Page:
I recently finished reading Miss Peregrine’s Home for Peculiar Children and I DID NOT love it. GASP. I was mildly entertained. I might pick up the next books out of curiosity to see what happens to the children, but not out of desperate need that I experience when I await or seek out other sequels. Why this upsets me? Everyone seems to love this book. I have only heard good things about this book. My conclusion: I didn’t read the book correctly. Which doesn’t really seem fair because every reading experience should be relative to the individual; everyone is unique and different and will relate to things in different ways. But how else am I supposed to feel when I did not thoroughly enjoy a book that so many of my reading peers recommend?
I did, of course, relate to the book in some ways. The main character experiences the loss of a grandparent and I recently lost my grandmother. I found the sections of the book where the character dealt with this loss to be very familiar and comforting. It just wasn’t enough to make me love the book as a whole. Does that mean I should do the honorable thing and fall on my sword? No. It’s perfectly okay to not enjoy a book that everyone else did. A book is supposed to be received differently by everyone who reads it, allowing it to be special to those who find it so enjoyable. In this case I found the book to be exceptionally ordinary despite the extraordinary subjects.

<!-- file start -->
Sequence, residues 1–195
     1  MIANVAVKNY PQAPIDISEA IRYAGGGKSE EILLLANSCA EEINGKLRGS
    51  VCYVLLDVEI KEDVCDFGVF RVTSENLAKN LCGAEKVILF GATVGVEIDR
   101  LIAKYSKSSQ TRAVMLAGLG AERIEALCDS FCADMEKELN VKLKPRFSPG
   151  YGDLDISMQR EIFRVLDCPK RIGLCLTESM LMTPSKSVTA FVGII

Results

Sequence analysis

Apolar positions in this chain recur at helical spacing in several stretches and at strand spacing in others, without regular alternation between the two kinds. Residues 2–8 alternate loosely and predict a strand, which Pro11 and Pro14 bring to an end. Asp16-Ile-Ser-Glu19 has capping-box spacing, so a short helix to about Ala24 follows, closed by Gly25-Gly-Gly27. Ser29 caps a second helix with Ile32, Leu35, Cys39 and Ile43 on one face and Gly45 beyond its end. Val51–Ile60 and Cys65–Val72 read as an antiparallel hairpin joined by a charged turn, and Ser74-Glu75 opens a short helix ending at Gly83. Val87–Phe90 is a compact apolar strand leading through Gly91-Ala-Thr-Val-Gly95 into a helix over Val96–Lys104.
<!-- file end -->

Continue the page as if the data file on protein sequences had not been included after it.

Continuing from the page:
So what do you do when you don’t love a book beloved by your bookish peers? Own it. Tell them why you didn’t like it and move on. There are plenty of books out there for you to share feels for. This just isn’t one of them.